Edit ModuleShow Tags

Is Denver's Peak Selling Season Shifting?

More evidence mounts of housing market changes in metro Denver


The change you’ve been waiting for is here, but it may not be the one you’ve been expecting. Since 2008 and the subsequent recovery, many have been on the edges of their seats waiting for the doom, gloom and yes, opportunity that another bust may bring. Any sign of a change would be welcome as the market and the corresponding burden and chance seems to be wearing weary homebuyers and even sellers down. Alas, we finally have hard data to suggest that while a 2008-era change is not here, a noteworthy one is occurring as this summer market comes to a close.

During July 2018, 7,916 new single-family homes entered the market, up from July 2017’s 7,615. The number of sold homes during the month was also up as was price, hitting a median of $406,000 which was down from the previous month’s $412,000. Though a price decrease could sound some alarms, the $6,000 drop from month-to-month is a seasonal expectation, occurring last year with decreases occurring in July, August and September.  

With data provided by the Colorado Association of REALTORS® you may be asking where’s the big change? Though the monthly snapshot isn’t overly telling of this shift, comparing past years’ market peaks, we are evolving toward a much earlier and much shorter one. The number of new homes coming on the market in Denver County specifically, was the exact same as last year, 805 in July, but down from 2016’s 922. The number of sold homes was also down from 2017 and a lot fewer than in 2016 – just over 17 percent less.

Additionally, upon reviewing the timing when, over each of the last three years, the market hit its peaks in number of sold units, we see the biggest change to earlier and shorter seasonality. So far this year, our highest number of sold homes in Denver occurred in May, while in 2017 the peak was June and in 2016, in August. Contrasting that number to February, when new listings statistically begin to rise, the shift suggests we have a new peak season from February to May compared to February through August just two years ago.

When we take a price snapshot of July, the year-over-year prices continue to ascend, but much slower going from 10.7 percent increase over 2016-17 to just over 5 percent from 2017-18.

Overall, a shift of peaks, valleys and growth is occurring. As the entire metro region now sits at 1.9 months’ worth of inventory, double that of January, there is a better home selection available for buyers. Though the seasonality of our market is getting shorter, likely due to concerns over interest rates and attempts by buyers to beat the rush, we maintain a healthy demand as evidenced by the consistently short days on market. Prices are rising still – but slower, much slower as I believe we are still taking those last figurative steps to a summit. How long and boring that summit may be is anyone’s guess but so long as we have a healthy demand, a shortage of balanced inventory and yes, everything this amazing city has to offer, doom and gloom stays far, far away and real estate continues to appreciate.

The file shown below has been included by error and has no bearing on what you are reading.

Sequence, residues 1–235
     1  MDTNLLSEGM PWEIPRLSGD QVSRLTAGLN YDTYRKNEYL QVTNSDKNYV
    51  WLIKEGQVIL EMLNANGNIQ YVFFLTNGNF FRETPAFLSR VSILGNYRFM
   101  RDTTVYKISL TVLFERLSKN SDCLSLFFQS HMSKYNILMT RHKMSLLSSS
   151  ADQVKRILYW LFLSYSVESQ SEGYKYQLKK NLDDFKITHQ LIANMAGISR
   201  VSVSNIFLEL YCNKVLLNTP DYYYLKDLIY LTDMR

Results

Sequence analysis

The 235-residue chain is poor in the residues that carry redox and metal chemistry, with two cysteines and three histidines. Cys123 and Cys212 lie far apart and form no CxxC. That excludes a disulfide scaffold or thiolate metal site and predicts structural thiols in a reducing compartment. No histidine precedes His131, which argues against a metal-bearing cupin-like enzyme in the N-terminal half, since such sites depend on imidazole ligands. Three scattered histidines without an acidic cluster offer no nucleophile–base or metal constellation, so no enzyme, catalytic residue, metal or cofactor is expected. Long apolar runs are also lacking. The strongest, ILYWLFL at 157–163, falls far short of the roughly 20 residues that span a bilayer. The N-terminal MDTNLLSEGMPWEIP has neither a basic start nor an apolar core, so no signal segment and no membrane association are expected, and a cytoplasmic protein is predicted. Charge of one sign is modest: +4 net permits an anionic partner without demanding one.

Matthew Leprino is broker/owner of Leprino Home, Inc. and spokesperson for the Colorado Association of Realtors. He can be reached at: 303.482.1299 or matthew@leprinohome.com

Edit Module

Get more content like this: Subscribe to the magazine | Sign up for our Free e-newsletter

Edit ModuleShow Tags

Archive »Related Articles

Time to Teach Colorado Tourists How to Behave

With an estimated 85 million visitors coming to Colorado each year, and half of those guests taking advantage of the state’s great outdoors, a little “Colo-Ready” education might be in order.

Can Cutting Your Handicap Reduce Your Taxes?

The Tax Cuts and Jobs Act whacked a 6-iron across the knees of everyone who has ever done business on a golf course and claimed the round as a tax deduction. Along with orchestra seats at the theater and corporate boxes at the ballpark, golf is now considered 100 percent entertainment and zero percent deductible.

Traveling Flu Crew Brings Urgent Care Home

Now even health care can be ordered and delivered. Denver-based DispatchHealth offers on-demand, mobile urgent care that flu sufferers and others can request via app or phone call.
Edit ModuleShow Tags
Edit ModuleEdit ModuleShow Tags
Edit ModuleShow Tags Edit ModuleShow Tags
Edit ModuleShow Tags Edit ModuleShow Tags
Edit ModuleShow Tags Edit ModuleShow Tags